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Rafael Correa’s "revolution" in Ecuador continues

Translated Sunday 31 March 2013, by Kristina Wischenkamper

Rafael Correa has been triumphantly re-elected to the presidency of Ecuador’s 15 million people in the first round of elections, according to official estimates. His main opponent, the conservative banker Guillermo Lasso, quickly admitted defeat on Sunday night.

Rafael Correa, the charismatic and popular leader and 49-year-old economist, who since coming to power in 2007 has brought about a socialist shift in his country’s politics, has promised to consolidate his "revolution" during the final four-year term allowed him by law.

"Thank you for your confidence. We will never let you down. This victory is your victory". This was Rafael Correa’s message to thousands of cheering fans from the balcony of the presidential palace in Quito. "Our revolution cannot be stopped. We are writing history." The Head of State won the first round with more than 56% of the votes after almost 40% of the ballots had been counted.

Rafael Correa was clearly ahead of his main rival, the conservative banker Guillermo Lasso, credited with 24% according to a partial count released by the National Electoral Council (CNE). "Tonight, I must recognize President Rafael Correa’s triumph", announced the right-wing businessman and leader of the Movement for the creation of opportunities (Creo), in a speech given to his supporters gathered in the port of Guayaquil (southwest). The Head of State "has won re-election and deserves our respect," he continued. Given his showing in the election, Guillermo Lasso, who was briefly Minister of Finance during a violent economic crisis in the late 1990s, poses as the head of the opposition to Rafael Correa, now in power for six years.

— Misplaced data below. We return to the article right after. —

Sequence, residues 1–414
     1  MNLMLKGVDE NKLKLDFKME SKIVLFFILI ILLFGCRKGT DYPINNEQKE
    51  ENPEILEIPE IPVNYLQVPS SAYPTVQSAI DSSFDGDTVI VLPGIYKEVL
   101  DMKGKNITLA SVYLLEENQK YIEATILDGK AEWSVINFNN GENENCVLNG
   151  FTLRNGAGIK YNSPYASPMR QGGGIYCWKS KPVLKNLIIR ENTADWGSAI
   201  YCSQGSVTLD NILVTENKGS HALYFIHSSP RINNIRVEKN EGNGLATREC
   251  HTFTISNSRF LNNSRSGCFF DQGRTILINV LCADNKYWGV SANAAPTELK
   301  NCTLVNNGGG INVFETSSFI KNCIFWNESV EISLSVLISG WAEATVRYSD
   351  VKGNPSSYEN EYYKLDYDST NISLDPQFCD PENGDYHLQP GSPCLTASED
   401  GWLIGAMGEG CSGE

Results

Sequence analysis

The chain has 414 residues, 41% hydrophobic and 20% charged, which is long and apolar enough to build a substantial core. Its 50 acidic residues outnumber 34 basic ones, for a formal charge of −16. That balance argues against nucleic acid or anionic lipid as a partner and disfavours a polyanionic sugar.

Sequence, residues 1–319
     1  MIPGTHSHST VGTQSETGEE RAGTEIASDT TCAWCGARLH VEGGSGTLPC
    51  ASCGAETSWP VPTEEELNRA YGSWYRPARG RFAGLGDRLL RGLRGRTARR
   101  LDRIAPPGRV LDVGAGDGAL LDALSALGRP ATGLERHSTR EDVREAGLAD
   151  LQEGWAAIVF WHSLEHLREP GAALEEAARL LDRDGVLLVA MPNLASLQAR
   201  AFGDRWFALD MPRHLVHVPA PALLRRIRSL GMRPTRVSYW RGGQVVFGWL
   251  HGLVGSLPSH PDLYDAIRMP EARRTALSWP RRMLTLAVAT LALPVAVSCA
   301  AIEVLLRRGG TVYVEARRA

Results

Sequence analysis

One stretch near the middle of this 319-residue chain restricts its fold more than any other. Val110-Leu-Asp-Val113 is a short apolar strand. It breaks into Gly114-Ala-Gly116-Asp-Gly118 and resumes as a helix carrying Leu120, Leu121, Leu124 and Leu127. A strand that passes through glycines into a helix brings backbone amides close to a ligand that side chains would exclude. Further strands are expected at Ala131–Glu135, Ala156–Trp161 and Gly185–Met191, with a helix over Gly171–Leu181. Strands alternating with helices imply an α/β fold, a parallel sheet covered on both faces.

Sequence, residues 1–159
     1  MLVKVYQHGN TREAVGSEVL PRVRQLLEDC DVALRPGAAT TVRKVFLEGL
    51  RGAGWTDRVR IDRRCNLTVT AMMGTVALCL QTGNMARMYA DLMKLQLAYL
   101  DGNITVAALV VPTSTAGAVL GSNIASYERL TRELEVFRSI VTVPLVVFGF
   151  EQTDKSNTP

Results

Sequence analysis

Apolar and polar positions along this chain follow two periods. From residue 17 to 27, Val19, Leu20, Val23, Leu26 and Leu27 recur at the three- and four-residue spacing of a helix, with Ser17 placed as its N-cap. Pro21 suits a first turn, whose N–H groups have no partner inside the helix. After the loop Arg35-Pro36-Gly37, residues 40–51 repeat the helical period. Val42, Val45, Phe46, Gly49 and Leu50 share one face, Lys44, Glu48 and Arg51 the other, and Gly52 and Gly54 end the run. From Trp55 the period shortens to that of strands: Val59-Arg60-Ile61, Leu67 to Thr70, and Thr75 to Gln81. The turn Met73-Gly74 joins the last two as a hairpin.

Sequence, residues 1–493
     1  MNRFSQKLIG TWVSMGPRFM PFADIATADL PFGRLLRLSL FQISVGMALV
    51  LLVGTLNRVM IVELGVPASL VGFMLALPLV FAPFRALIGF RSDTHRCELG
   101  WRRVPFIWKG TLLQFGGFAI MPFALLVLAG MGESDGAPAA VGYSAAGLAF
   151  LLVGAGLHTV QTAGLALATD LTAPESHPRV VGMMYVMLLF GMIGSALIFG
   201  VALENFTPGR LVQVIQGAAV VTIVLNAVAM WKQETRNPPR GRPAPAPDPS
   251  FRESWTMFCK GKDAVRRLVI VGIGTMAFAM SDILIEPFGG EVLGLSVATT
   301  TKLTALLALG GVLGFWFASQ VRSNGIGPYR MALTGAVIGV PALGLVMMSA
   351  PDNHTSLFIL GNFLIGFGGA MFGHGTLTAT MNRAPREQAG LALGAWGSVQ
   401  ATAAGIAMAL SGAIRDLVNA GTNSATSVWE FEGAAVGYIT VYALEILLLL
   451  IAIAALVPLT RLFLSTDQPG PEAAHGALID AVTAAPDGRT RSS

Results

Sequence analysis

After the results were announced, the streets were invaded by a forest of green flags, the colour of the ruling Alianza Pais. "Rafael, we love you", shouted the crowd, amid fireworks and a symphony of car horns. "I hope that Correa will continue to eradicate poverty and create more work for Ecuadorians," Rodrigo Felicitas, a father of 43 years, told AFP.

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